Archiving Pidgin Logs by Year

I synchronize a lot of my programs among all of the computers that I work on. This isn't a problem, and I'm happy with my methods for doing so. However, there's one part that feels like an eternity when compared to the rest: my chat logs.

I have years of message logs. I do (rarely) look at them kind of like text-based photographs, so I don't want to simply delete them. Something had to be done, though, because the measly 1.5MB of >7000 files takes a long time to calculate checksums that (in theory) should never change. I decided to archive them by year. I pulled up a command line and typed out a quick line. In a few minutes, it was done.

for i in seq 2006 2010; do find logs/ -name "$i-*" -print0 | xargs -0I {} sh -c "chmod 644 {} ; tar -rf logs$i.tar {} && rm {}" ; bzip2 -9 logs$i.tar ; done

This line relies on the file name convention that Pidgin uses: each log file's name starts with the year.

Instead of writing a huge one-line, it could easily be done by writing the find output to a file and passing that file to each of the other commands in the chain, but my mind seems to default to the most difficult way possible. I have one-liners and regular expression that reach Randall Munroe-level complexity. On the plus side, though, you can enter the one-liner and walk away. Everything will be done in one shot without needing user intervention.

Let's break it down into segments to explain what it does.

for i in `seq 2006 2010`; do find logs/ -name "$i-*" -print0 | xargs -0I {} sh -c "chmod 644 {} ; tar -rf logs$i.tar {} && rm {}" ; bzip2 -9 logs$i.tar ; done

The For Loop

for i in seq 2006 2010;
do command;

This part of the one-liner creates the variable $i in command. seq 2006 2010 generates a sequence from 2006 to 2010. So, the command will run 5 times: once with $i equal to 2006, once with $i equal to 2007, etc.

The Find and Xargs Segment

find logs/ -name "$i-*" -print0 | xargs -0

This looks for all files named "2006-", "2007-", etc. under the directory "logs".

I already wrote a more in depth article on find and xargs, so I won't cover it here.

The Primary Command Chain

The -I switch of xargs is used to replace the following string token with the passed in file name. I chose {} because it's the default. If $i is 2006 and the file name is "2006-01-01-blah.txt", then:

sh -c "chmod 644 {} ; tar -rf logs$i.tar {} && rm {}" ;

would expand to:

sh -c "chmod 644 2006-01-01-blah.txt ; tar -rf logs2006.tar 2006-01-01-blah.txt && rm 2006-01-01-blah.txt" ;

I do this because I need to run multiple commands on the same file. There's one problem with this, though. Whenever the -I switch is used, xargs can only process one file at a time rather than batching them. Because I have 7000+ files, this means that chmod, tar, and rm will all be called 7000+ times. This can be solved by writing a quick script that takes a list of file names and passed them all to each command, but it wasn't necessary for my purposes.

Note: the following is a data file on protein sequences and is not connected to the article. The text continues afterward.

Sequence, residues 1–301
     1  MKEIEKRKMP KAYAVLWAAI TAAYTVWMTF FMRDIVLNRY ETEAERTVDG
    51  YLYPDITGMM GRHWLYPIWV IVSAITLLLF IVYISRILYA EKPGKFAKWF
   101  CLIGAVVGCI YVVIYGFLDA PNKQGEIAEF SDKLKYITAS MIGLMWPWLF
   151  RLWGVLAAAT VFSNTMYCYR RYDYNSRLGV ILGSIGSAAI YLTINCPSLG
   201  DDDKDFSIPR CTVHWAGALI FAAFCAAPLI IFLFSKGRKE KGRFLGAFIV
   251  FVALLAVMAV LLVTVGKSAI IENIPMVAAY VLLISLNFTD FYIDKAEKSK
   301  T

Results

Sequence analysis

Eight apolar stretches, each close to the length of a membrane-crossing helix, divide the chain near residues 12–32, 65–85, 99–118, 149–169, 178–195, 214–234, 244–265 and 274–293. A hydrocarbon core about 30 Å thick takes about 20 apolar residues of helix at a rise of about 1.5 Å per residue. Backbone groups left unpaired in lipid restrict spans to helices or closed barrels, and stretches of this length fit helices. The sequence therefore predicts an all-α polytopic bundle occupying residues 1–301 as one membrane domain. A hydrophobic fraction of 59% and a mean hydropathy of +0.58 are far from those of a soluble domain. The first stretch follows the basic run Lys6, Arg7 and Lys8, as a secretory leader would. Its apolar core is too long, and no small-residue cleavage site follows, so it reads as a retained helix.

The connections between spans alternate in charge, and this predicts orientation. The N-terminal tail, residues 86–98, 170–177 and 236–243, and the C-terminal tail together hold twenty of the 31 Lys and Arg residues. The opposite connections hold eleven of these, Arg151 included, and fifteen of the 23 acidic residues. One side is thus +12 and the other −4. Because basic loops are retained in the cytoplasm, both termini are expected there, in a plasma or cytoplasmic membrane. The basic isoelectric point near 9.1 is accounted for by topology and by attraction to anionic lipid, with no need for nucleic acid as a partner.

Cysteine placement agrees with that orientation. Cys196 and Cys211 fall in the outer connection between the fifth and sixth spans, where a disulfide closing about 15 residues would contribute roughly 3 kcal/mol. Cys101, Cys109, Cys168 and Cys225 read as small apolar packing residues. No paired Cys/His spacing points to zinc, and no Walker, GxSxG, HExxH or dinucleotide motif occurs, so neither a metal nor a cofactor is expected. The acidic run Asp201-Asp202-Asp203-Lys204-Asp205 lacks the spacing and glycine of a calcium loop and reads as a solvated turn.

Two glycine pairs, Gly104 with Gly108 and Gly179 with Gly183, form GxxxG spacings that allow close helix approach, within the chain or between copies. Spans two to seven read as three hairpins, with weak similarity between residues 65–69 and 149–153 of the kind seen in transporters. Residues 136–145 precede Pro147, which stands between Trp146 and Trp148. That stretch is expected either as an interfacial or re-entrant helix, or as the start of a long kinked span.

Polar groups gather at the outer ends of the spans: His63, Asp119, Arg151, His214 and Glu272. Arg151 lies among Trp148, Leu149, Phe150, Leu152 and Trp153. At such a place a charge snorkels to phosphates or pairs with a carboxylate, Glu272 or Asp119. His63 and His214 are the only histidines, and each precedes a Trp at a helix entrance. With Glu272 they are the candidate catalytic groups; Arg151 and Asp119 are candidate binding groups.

This segment consists of 4 commands.

sh -c "chmod 644 {} ; tar -rf logs$i.tar {} && rm {}" ;

Cheating With a Subshell

sh -c "<commands>" ;

xargs only replaces {} in one command. Once it reached ; or && it won't replace anything after that because it's no longer part of the xargs command. By putting the next three commands in another shell using sh -c , xargs sees only one command. Therefore, all three instances of {} will be replaced.

File Permissions

chmod 644 {} ;

For the most part, this isn't necessary. I do this because I synchronize with PCs that run Windows. Windows doesn't know about Linux file permissions. All the text files that originated in Windows are set as executable in Linux by default on my box. I want to reset the file permissions before I archive them. You can leave this command out if you need. If you are archiving anything that is made to be executed e.g. a program, then you should leave this command out.

Packaging Everything into One File

tar -rf logs$i.tar {}

This creates a temporary file called logs2006.tar, logs2007.tar, etc. If you haven't worked with tar too extensively, then you may never have seen the -r (append) switch before. -r will append to a tar file or create an archive if it's not already there. -z (gzip) and -j (bzip2) can't be used here; -r requires an uncompressed file.

Append is used because of how I'm calling tar. I'm adding thousands of files one-at-a-time. I need a temporary file for that.

If I used -c (create), then tar would overwrite the archive during every iteration. After adding all the files, I'd be left with an archive that contained only the last file added. Clearly, that's not what I want.

Removing the Added File

&& rm {} ;

rm is used to delete the original file on the fly. I use && just in case there is an error. If the tar fails for some reason, the line will crash rather than calling rm.

tar does provide a switch to do this same operation called --remove-files. Every time I've used it, it leave files behind. Oddly, it's always the same files. I didn't figure out why, but I stopped trusting it. Calling rm isn't too difficult to do for piece of mind.

After all that, I have an archive full of a year's worth of log files and the original files are removed. It's time to compress.

Compressing the File

bzip2 -9 logs$i.tar

bzip2 takes the temporary file, compresses it to originalfilename.bz2, and deletes the original file. -9 says to use the strongest compression possible.


Although this one-liner is very application-specific, I hope the concepts it uses will help someone. Let me know what you think in the comments below.